This unwillingness to invest in grand public transport projects (at least, outside of London) left Britain with a network of railways largely built in an age when ‘high speed train’ meant something that travelled at a top speed of around 125kph (78mph). By the beginning of the 1970s, following the Shinkansen’s initial success as it took passengers between Tokyo and Osaka for the 1964 Olympic Games, then over 100m passengers in the following 3 years alone, other countries began to take interest in the potential for mass transit at high speeds. In Britain, it would not be a simple, or cheap task however. To make the technical part as simple as possible, deployment of trains going faster than around 200kph (125mph) on older lines encounters three main problems: firstly, capacity – clearly, a train capable of travelling at over 200kph cannot maintain full speed on a line also used by freight and local passenger trains travelling at 90. Secondly, every high speed train in the world is equipped with an in-cab signalling system, allowing drivers to rely on computerised internal systems and automated braking systems rather than watching for trackside signals, thus removing the risk of error. Finally, the curvatures on British tracks would result in derailment for trains travelling at higher speeds, or at the very least extreme discomfort for passengers as lateral forces shift them in their seats. With the government clearly unwilling to embark on a costly network of more direct, fast lines, any plans for bringing Britain’s trains into the modern age seemed to be limited to the constraints of the existing network.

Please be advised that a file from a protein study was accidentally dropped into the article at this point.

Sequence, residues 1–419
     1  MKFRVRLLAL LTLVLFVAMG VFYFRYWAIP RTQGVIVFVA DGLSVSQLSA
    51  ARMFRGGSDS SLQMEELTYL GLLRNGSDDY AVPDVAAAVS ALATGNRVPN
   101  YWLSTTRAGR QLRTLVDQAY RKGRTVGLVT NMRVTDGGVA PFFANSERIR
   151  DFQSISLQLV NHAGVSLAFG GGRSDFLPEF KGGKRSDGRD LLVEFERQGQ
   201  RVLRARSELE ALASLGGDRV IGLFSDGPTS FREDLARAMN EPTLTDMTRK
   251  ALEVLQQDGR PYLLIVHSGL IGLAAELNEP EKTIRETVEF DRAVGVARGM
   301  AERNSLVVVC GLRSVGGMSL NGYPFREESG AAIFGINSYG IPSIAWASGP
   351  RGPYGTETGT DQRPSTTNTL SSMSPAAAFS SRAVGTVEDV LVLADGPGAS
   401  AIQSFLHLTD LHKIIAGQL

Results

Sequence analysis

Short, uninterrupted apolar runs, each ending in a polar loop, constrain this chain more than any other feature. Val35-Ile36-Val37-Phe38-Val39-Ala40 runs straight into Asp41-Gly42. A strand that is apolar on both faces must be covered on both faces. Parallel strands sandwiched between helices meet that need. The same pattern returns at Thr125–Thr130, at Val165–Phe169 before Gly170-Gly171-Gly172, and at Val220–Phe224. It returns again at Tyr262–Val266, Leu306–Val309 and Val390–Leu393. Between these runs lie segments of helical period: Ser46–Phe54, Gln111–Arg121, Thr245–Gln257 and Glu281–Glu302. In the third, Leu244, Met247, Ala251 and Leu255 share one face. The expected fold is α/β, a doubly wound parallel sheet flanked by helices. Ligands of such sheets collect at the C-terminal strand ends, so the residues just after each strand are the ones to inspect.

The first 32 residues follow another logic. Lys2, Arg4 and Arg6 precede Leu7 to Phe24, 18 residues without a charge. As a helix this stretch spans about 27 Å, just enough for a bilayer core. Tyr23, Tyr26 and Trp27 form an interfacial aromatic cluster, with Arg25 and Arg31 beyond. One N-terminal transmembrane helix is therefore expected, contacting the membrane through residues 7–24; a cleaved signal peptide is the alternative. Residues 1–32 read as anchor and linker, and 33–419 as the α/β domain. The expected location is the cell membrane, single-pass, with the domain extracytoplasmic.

Therefore, in 1975, British Rail’s HST project rolled out the InterCity 125, a compromise that could achieve 125mph, albeit with far less acceleration than international competitors thanks to its diesel-electric engines. Like many stop-gap solutions in British infrastructure, these near-50 year old designs still form an important part of the country’s rolling stock today, but with a little more willing and investment, a project being worked on in the background could have led to a very different story.